That’s not to say that all the research and work I’ve done on the other story is totally wasted. Who knows? Maybe I’ll come back to it one day and resurrect it in some form or another. Or maybe I’ll pick at its corpse for the stuff I still like. I really do plan on writing a novel about a discovery at the bottom of the ocean. But for right now, it looks like I’ll be writing something else.

So while you can’t wait for inspiration to strike, you can at least lean into the work you enjoy doing. Your enthusiasm will help carry you through. If you’re not excited about the book, why would your readers be?

New Beginning

You may have noticed that I haven’t posted anything in a while . I kind of dropped off the map after NaNoWriMo. I finished Altered Egos and wrote another short story and then … then I got busy with other writing endeavors.

I’ve been struggling with what to do with this blog for some time now. I like it but lately – well not lately, lately – I feel like I have to have a blog instead of actively wanting a blog. I think that ultimately stems from me not knowing what to post.

It’s hard. As an aspiring writer, I do a lot of writing but I feel really weird about giving any actual writing advice. I mean I haven’t made it, so who am I to tell anyone else what to do. It’s like the blind leading the blind. Especially when I’m neck deep in another novel, I don’t always want to create a blog post about something or pull my focus away to write some random piece of flash fiction to just have content. When I’m writing a novel, for those four or five months, that’s all I work on. That doesn’t leave me with a lot of other talking points.

So I’ve come to a decision.

You know how they describe world building like an iceberg? The reader only sees ten percent of it and the author knows so much more? That’s what I’m going to do here. Sort of.

I’ll still write the occasional funny or weird story from my personal life and some random short fiction when the mood strikes, but more often than not now, I’m going to use the blog as sort of a workshopping space. It’ll be a place where I can talk about my research and give some insight into characters, plot, setting, and general world stuff. It’ll be useful for me to explore this content and hopefully it’ll be interesting for you to read too.

It may not help you become a better writer, but it’ll be insight into my process.

I think doing that will make this blog more meaningful for me. I mean, my name is on the title after all. But more than that, as you know, there are only so many hours in the day. If I have writing time, I usually devote that time to novel work. Pulling focus only hurts me in the long run. But I think this new approach will solve that. It’ll give me freedom to explore and brainstorm and I’ll post the findings.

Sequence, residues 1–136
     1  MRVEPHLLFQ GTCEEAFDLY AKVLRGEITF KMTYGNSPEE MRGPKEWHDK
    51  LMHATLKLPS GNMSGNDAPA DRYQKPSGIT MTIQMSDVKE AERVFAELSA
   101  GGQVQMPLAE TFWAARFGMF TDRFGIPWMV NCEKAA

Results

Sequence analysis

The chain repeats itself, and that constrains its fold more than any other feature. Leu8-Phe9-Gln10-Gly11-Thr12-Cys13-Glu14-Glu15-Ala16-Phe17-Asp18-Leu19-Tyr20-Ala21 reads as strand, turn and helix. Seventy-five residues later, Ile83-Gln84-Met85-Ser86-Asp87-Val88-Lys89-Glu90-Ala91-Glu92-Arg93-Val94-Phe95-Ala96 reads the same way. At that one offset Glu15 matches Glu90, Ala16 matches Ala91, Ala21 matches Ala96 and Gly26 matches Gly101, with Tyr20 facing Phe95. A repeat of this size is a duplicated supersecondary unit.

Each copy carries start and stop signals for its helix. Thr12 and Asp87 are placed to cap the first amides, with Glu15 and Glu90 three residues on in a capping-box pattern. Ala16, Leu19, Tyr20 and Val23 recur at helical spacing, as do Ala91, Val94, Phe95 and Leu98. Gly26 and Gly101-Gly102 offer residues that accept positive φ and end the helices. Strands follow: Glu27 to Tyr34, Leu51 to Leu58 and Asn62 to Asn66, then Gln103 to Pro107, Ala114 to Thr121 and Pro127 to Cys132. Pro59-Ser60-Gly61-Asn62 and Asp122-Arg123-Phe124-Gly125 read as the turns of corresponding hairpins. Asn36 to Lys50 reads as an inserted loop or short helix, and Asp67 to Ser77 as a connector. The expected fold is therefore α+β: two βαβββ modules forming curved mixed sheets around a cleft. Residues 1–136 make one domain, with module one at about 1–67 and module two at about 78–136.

You can read this all as a new mission statement going forward. Let’s see how this works, shall we? Hope you enjoy the ride.

Elusivity

My New Years’ resolution was to blog more consistently.

OK. It wasn’t. But I still want to post more consistently anyway.

Life at the Melnick household has been a bit rough lately. The Missus is super sick. I mean when stuff gets in your chest and ears kind of sick. The babies have also picked up little baby versions of this illness in the form of stuffy noses, sniffles and even more spitting up. Yep. That’s just what babies needed: MORE spitting up. It’s lead to a lot of sleepless nights and me running around trying to make sure everyone else gets as much sleep as they can.

As I type this, I can feel the telltale tickle in the back of my throat. The number at the deli counter just rolled over one digit closer to the matching one on my ticket.

I hope everyone had some happy holidays. In between traveling and illnesses, I’ve been daydreaming about getting back to Fairfax Cleaners and brainstorming for novel #5. I’ve decided that my alpha readers have had over a month now to read the draft and while that’s not a lot of time in this busy time of our lives, it’s been long enough that I can hassle them for an update to at least let me know WHEN they’re finished. I don’t mind waiting around and working on other things as long as I’ve got something out there dangling. But if I’m not fishing, I’m not being productive.

I’m still doing research on the next book and I think I’ve got the plot basically figured out. I’m about ready for the outlining phase. This one’s been a lot quicker than usual since I’m adapting a screenplay awhile ago I wrote into a novel. I’ve basically changed the entire story with the exception of the core concept, but I’ve had this character’s voice in my head for years. Writing in first person – fingers crossed – should alleviate some of those professional pressures that have started to creep in without a pitch-worthy product.

So far, I’ve only been scratching that writing itch through mental exercises. I would love to sit down and fire off a short story or two, but that’s just not my style. I outline too much. Coming up with a plot is the hardest part for me for any book, so you’d think that something smaller would be easier, but it’s the opposite. Usually, I can propose a scenario to myself and ask “what happens next?” OK. “What happens after that?” And follow that story down the natural rabbit hole. But with short fiction, I end up doing so much brainstorming, I’m developing material for a full length novel and I’ve forgotten what it was about the short story that grabbed me in the first place.

I’m hoping to kick that habit. I had a pretty vivid dream the other night that’s still haunting me. I thought it would make a great idea for a romantic comedy at the time so I wrote it down in case I ever wanted to tackle a screenplay pretty far outside my genre as an exercise. Then I massaged it into drama shape for kicks. And now, I’ve basically rebuilt it into a science fiction piece. I like the central concept, but it’s that illusive plot thing that’s tripping me up. I supposed I’ll keep working on it in the hopes that I see an end in sight.

I’ll let you know how it goes.